Once there, they were given a free tour of the place—a considerable perk, since the regular price of admission to the ranch is $1,000 per family. As the tour guide put it, the “young Reaganites” of the next generation deserve special treatment. Inside the intimate space of Reagan’s living quarters, visitors felt his presence even more vividly than back at the center. They walked through his garage and were invited to lift one of the chainsaws he often used to cut firewood. Saddles and pictures of Reagan on horseback were nods to the former president’s love for the open air and traditional Western values. The participants were hit with more warm, comforting nostalgia as they passed through each room: the sofa where he sat with important visiting figures, the dinner table where he ate with his wife, the telephone he used to call family members of Americans killed in a Korean Airlines flight after it was shot down by the Soviets.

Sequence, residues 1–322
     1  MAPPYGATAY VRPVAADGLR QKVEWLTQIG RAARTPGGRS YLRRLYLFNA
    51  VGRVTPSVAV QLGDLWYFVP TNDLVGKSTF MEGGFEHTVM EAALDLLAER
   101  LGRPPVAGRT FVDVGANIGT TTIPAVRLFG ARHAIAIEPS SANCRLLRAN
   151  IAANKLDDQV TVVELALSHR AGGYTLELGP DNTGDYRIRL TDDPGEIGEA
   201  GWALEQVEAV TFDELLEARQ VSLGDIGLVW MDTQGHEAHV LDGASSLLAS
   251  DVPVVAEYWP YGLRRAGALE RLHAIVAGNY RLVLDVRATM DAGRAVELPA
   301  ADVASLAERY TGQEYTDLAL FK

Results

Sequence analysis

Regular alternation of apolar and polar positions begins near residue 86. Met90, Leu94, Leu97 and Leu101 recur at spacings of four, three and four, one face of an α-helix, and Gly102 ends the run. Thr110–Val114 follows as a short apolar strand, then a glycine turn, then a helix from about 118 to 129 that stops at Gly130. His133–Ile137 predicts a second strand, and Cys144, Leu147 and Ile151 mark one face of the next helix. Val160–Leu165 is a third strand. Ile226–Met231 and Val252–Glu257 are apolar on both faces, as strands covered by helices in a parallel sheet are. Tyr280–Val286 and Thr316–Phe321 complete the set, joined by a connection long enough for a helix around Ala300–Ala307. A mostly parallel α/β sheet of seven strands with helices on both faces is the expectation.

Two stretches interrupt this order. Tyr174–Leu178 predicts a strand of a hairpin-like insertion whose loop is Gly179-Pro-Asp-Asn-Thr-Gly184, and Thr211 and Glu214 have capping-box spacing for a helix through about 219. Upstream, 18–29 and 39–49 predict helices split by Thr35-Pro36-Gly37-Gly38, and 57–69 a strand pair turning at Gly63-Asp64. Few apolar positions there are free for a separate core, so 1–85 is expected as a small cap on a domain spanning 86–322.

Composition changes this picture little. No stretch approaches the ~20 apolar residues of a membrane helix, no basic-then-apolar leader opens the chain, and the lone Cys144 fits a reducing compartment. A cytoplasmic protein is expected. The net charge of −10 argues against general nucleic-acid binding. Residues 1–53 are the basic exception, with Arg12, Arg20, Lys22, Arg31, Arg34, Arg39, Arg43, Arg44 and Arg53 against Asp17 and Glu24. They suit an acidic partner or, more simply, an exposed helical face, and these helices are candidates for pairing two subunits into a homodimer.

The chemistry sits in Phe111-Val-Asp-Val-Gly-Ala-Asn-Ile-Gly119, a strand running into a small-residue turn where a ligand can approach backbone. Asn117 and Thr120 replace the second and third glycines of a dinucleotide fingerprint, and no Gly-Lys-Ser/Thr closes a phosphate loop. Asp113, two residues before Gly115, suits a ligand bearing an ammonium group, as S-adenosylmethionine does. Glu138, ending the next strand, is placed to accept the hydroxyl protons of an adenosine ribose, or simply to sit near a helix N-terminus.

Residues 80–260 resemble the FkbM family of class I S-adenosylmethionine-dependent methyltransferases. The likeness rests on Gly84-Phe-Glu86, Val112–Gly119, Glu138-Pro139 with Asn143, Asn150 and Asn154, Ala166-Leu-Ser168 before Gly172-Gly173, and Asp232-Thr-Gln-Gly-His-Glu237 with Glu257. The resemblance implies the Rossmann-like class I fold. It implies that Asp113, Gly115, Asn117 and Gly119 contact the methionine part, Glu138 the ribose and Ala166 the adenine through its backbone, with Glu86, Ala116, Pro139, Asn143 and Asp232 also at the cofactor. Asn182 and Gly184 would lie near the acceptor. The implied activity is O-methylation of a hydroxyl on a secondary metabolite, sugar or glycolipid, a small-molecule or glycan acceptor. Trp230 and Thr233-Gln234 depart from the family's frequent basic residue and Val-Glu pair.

Most of all, though, the tour highlighted Reagan’s personal character and his down-home image through the worn-out cowboy hats and boots in his closet, the bedside pillow with “Ronnie and Nancy” stitched onto it, and the old leather-bound Bible that belonged to Nancy’s mom. Here was the kind of man America needed, the objects seemed to say, the sort of grandfatherly leader who could deliver us from evil, chop us some wood, and soothingly read to us in front of the fireplace as we drift off to sleep.
As a climax to the tour, Malkin sat down outside to sign free copies of her book, In Defense of Internment: The Case for ‘Racial Profiling’ in WWII and the War on Terror, at the same front-porch table where President Reagan signed the largest tax cut in modern history. Reagan had chosen the spot to sign the bill because of its symbolism: To him, the view of his ranch’s open land and clear skies epitomized American freedom. Now, before Ron’s chopped firewood and Nancy’s dinner-call triangle, young leaders of the conservative movement lined up to have Malkin sign their books. One happy participant even gave his copy a reverent kiss.